Last month, Robinson Lalin, 39, of Boston died after he became stuck in the doors of a Red Line train and dragged. The National Transportation Safety Board investigation the incident and found a door safety mechanism failed. See full report below:
This is preliminary information, subject to change, and may contain errors. Any errors in this report will be corrected when the final report has been completed. Release date 2 May 2022.
On April 10, 2022, about 12:30 a.m. local time, a Massachusetts Bay Transportation Authority (MBTA) passenger was fatally injured at the Broadway Station in Boston, Massachusetts. Surveillance video reviewed by National Transportation Safety Board (NTSB) investigators showed that the passenger attempted to exit the six-car train through the side passenger door of the railcar they were riding in as the train doors were closing. In the attempt to exit the train, the passenger’s right arm was trapped in the door. The train departed the station, dragging the passenger along the platform about 105 feet and onto the surface below, near the tracks.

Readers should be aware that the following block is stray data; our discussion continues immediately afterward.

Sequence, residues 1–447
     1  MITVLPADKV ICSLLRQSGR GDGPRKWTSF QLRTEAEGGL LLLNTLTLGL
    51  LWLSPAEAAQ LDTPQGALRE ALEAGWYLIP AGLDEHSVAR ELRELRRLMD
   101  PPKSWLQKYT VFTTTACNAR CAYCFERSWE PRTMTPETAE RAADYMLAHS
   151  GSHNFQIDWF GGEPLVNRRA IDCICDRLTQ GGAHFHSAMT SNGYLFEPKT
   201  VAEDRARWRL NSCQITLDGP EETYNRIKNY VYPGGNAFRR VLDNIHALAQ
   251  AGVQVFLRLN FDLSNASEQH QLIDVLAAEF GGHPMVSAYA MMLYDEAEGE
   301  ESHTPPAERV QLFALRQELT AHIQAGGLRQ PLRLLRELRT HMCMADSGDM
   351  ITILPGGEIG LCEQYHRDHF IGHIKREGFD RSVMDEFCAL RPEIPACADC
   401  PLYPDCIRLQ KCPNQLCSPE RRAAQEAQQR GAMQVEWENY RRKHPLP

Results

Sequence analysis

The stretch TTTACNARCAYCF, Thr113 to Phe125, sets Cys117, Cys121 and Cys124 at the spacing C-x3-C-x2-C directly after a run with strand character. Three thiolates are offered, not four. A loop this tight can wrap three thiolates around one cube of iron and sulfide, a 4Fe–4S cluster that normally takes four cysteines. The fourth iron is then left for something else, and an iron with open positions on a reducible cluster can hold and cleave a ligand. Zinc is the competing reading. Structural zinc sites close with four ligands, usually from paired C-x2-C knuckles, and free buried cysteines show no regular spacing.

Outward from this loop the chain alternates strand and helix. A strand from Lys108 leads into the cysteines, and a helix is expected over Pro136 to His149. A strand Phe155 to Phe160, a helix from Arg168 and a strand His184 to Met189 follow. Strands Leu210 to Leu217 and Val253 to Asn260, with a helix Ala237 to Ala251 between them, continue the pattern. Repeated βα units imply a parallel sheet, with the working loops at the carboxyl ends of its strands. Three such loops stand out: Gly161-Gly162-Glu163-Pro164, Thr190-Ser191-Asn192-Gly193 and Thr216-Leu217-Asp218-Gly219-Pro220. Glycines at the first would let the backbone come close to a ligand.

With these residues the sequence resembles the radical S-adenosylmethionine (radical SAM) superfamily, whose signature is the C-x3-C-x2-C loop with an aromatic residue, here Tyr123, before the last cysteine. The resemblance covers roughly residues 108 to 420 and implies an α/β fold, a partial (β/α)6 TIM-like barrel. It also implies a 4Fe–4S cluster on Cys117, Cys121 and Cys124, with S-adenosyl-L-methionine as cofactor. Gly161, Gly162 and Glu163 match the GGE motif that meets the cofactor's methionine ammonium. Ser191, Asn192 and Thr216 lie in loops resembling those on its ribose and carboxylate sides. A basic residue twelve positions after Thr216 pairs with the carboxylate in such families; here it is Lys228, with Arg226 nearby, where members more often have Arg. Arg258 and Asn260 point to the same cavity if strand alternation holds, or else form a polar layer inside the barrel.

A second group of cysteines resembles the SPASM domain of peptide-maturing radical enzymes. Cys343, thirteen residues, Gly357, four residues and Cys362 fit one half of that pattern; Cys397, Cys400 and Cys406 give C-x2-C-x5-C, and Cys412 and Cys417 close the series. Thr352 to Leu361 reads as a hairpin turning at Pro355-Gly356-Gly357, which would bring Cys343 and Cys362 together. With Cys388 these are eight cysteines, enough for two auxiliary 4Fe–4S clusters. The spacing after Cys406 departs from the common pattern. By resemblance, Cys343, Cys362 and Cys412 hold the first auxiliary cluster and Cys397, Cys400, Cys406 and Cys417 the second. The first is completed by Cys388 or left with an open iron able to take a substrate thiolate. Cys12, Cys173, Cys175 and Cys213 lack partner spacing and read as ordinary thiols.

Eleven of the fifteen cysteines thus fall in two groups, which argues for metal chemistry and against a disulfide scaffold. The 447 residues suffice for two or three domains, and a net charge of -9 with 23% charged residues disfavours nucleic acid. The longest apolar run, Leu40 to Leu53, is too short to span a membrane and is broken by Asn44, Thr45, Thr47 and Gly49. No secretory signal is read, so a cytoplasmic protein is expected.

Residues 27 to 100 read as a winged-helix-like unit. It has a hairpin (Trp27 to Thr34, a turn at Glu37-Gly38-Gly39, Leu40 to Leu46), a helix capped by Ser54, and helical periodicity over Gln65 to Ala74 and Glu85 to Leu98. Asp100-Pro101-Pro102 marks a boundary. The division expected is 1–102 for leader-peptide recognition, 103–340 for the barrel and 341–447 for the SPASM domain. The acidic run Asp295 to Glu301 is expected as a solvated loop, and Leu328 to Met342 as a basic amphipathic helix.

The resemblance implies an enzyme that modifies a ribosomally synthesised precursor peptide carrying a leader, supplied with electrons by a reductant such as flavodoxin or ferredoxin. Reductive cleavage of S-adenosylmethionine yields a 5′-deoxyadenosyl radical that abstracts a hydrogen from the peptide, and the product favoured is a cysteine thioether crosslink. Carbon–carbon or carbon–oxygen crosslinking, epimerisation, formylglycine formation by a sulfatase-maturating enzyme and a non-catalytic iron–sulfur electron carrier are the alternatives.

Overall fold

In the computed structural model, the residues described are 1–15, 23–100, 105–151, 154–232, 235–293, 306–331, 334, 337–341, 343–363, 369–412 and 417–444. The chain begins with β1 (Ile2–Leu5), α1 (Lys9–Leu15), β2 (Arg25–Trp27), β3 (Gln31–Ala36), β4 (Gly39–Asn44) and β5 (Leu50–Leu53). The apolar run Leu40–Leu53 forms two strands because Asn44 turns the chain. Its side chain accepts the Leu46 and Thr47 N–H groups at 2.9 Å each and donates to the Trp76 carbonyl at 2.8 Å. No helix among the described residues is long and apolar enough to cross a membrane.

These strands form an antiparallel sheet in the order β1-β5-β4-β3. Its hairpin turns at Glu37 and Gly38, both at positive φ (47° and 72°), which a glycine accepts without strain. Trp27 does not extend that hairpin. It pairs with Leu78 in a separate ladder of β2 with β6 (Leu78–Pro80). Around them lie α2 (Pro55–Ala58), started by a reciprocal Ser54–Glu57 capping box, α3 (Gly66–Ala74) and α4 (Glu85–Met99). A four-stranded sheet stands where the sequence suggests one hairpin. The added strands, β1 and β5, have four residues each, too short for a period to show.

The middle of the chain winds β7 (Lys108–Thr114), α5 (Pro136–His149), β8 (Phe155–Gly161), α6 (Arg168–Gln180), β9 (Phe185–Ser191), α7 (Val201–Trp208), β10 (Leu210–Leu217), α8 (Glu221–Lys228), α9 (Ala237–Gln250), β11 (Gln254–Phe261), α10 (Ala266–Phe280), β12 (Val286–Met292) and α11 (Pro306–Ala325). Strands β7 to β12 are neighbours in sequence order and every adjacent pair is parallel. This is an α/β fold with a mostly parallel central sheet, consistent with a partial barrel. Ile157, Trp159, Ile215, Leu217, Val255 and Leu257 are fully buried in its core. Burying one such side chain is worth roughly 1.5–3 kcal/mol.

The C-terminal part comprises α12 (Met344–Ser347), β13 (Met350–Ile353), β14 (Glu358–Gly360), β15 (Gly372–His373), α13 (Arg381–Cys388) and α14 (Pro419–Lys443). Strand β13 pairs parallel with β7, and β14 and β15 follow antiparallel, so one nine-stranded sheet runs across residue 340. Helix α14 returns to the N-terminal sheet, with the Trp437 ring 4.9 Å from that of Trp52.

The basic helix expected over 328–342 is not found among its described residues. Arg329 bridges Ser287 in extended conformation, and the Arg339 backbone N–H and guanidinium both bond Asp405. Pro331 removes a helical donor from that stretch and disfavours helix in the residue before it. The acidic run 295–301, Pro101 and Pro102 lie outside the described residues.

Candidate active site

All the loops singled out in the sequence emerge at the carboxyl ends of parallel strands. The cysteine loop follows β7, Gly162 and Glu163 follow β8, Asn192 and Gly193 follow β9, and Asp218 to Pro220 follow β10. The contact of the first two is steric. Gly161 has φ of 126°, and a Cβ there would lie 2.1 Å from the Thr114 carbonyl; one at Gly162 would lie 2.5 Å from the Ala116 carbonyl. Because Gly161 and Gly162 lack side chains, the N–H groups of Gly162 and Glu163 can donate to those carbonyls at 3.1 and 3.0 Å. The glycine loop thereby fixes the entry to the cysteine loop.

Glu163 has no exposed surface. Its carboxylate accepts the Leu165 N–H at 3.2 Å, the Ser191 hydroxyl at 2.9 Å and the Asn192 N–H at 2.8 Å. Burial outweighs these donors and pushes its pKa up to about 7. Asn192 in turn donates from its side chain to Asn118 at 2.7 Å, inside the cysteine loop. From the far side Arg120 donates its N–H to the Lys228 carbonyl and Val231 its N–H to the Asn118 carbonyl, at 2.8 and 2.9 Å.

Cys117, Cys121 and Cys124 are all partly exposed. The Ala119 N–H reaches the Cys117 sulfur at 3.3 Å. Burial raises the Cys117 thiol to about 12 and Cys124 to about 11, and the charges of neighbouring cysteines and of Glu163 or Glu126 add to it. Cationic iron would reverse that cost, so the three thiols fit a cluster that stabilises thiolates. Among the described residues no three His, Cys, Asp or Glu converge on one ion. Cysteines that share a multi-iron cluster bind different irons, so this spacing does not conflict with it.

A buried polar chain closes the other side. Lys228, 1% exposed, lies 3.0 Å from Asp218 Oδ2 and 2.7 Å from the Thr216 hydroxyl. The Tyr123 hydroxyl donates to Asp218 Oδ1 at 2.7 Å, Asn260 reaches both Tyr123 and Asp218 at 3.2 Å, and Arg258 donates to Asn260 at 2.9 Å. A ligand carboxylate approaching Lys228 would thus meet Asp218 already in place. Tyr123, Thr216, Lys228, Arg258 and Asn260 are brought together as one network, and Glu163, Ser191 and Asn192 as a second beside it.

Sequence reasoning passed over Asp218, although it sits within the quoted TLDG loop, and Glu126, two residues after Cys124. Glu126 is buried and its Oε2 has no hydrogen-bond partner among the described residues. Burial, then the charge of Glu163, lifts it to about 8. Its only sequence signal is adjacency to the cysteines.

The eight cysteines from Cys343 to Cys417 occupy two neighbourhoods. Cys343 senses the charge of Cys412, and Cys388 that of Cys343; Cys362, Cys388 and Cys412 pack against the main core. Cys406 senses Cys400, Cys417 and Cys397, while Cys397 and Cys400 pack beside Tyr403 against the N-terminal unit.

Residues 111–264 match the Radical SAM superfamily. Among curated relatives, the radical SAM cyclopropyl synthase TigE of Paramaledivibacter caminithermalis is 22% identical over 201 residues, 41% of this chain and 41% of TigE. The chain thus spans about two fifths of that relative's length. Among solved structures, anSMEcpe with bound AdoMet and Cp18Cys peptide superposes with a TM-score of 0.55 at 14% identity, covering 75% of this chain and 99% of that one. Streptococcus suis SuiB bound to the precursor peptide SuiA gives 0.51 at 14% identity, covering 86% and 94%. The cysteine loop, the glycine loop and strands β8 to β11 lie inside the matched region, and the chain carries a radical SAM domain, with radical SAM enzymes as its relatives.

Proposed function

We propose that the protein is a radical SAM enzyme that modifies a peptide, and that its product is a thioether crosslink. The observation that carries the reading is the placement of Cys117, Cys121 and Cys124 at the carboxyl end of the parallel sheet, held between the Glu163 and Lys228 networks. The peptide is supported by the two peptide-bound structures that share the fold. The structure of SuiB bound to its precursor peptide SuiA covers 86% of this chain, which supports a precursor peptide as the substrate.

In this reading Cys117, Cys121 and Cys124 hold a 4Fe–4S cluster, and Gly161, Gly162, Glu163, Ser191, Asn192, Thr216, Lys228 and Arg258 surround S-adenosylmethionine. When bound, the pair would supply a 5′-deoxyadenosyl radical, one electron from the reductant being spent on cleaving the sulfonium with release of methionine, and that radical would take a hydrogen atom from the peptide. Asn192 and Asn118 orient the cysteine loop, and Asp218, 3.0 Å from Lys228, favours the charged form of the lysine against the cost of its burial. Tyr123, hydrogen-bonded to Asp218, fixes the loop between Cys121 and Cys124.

MBTA trains are designed and equipped with safety features to prevent them from moving when the passenger doors are obstructed. NTSB investigators examined and tested the railcar involved after the accident, identifying a fault in a local door control system that enabled the train to move with the door obstructed. (See figure.) The MBTA immediately initiated a fleet inspection looking for the identified fault in other railcars to prevent reoccurrence. The MBTA reported that no other similar faults were found during the inspection.
While on scene, NTSB investigators examined and tested the train equipment, reviewed security footage, observed MBTA train operations, conducted interviews, and performed sight distance observations. The NTSB’s investigation is ongoing. Future investigative activity will focus on the MBTA’s passenger train equipment and operating procedures.
Parties to this NTSB investigation include the MBTA, the Massachusetts Department of Public Utilities, the Federal Transit Administration, and the Boston Carmen’s Union.